Rejection Of Claim
It’s stressful enough being injured at work, but if a claim for workers compensation is rejected, things can get really confusing. It helps to know a little bit about the options if you find yourself in this situation.
Making a claim for workers compensation
When making a claim for workers compensation, a person must first satisfy the following criteria:
- They must be a “worker”
- They must have been injured at work. Or, in other words, the injury must have arisen out of, or in the course of, employment.
- They must have given the employer notice of the injury as soon as possible after the injury occurred.
- Usually, they must make the claim for workers compensation within six months of the date on which the entitlement to compensation arose (this is often, but not always, the date of the injury).
Sometimes, a worker may suffer an aggravation, exacerbation, deterioration, or reappearance of a pre-existing injury. Even if this occurs, they still have a right to pursue a claim for workers compensation.
It’s important to understand that injuries may be physical or psychological.
Once the claim is lodged, the compensating authority (or the claims agent) has a right to investigate to work out whether it is a compensable claim. This means that the above criteria must be satisfied before it will agree to pay any money to the injured worker.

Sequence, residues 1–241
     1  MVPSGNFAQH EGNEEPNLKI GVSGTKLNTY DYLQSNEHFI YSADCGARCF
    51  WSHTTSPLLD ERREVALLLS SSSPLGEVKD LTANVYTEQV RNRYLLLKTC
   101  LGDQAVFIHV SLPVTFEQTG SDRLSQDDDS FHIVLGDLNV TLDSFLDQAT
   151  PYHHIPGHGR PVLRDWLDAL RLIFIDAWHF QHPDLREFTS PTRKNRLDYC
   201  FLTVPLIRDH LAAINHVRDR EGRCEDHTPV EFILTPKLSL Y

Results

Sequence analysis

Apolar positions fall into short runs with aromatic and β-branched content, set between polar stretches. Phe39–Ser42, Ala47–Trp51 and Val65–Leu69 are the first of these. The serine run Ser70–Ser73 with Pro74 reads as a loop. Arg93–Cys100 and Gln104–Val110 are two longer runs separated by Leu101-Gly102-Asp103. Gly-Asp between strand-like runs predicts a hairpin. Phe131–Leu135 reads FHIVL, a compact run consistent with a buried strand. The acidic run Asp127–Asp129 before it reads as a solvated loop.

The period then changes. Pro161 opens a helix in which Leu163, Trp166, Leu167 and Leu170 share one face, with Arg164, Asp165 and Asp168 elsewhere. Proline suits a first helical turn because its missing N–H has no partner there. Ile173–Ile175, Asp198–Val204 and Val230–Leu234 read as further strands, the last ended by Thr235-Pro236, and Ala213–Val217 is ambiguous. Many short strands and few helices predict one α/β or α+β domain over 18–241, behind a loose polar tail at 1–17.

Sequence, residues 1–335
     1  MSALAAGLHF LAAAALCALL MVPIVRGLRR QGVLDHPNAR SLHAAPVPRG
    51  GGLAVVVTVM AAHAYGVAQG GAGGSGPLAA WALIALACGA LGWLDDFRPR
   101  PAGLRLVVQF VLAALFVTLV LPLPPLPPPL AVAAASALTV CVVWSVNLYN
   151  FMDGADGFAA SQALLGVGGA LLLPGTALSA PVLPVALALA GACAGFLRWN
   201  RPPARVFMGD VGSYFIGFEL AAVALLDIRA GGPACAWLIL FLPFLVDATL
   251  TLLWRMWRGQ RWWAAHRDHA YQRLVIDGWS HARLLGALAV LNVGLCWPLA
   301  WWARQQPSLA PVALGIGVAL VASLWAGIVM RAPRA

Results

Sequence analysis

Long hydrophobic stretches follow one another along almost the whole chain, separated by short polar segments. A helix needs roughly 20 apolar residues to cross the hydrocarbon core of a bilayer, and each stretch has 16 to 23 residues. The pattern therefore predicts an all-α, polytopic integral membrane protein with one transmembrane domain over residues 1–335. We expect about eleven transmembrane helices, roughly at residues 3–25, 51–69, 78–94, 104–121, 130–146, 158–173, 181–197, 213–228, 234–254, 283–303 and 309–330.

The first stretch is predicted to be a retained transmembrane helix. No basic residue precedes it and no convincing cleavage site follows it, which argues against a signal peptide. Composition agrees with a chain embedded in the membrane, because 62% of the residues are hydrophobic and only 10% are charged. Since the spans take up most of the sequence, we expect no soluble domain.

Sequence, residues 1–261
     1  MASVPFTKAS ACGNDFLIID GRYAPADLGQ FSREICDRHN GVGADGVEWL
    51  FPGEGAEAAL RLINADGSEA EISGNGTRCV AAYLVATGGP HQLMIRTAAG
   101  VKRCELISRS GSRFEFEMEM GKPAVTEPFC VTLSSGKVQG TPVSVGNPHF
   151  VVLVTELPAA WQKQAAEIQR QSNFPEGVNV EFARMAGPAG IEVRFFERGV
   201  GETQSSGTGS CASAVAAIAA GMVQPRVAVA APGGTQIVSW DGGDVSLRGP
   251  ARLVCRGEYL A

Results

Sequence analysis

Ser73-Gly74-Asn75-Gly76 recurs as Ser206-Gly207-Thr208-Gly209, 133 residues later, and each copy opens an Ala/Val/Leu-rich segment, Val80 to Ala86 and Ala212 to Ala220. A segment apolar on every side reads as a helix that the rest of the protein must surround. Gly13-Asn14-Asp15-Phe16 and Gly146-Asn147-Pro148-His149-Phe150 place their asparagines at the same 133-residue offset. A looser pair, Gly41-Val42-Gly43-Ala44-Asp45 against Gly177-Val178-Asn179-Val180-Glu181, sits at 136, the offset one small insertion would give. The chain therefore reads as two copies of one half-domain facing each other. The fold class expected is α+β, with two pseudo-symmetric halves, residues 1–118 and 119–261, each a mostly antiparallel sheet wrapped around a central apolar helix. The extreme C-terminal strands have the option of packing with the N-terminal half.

When the claims agent investigates a claim, it may:
- Get reports from treating or independent doctors.
- Engage a factual investigator to get witness statements.
- Seek financial records.
The compensating authority is usually required to make a decision within ten business days of the claim being lodged.
If it is slow or has been unreasonable in delaying its decision, the worker can make an application to the South Australian Employment Tribunal (SAET), to speed up the process.
Rejection of the claim
If the compensating authority decides to reject the claim, the worker should seek urgent legal advice. They may be able to dispute the decision in SAET, but will need the assistance of a workers compensation lawyer to do so.
Usually, they will only have one month from the date of the decision to lodge a dispute.
If a worker applies to SAET to dispute the decision, SAET has one month to bring the parties together in an attempt to resolve the dispute (this is known as a conciliation conference). If it can’t be resolved, the dispute may proceed to trial, if that’s what the worker chooses.
The conciliation process exists to help the parties try to reach a cost effective and efficient resolution of the dispute, or to narrow the issues in dispute.
Usually, the worker would have the right to make a claim for legal costs arising from the dispute, as long as the dispute is not frivolous or vexatious (SAET will decide this). The underlying principle is that an injured worker ought to be able to pursue their claim without suffering significant financial hardship.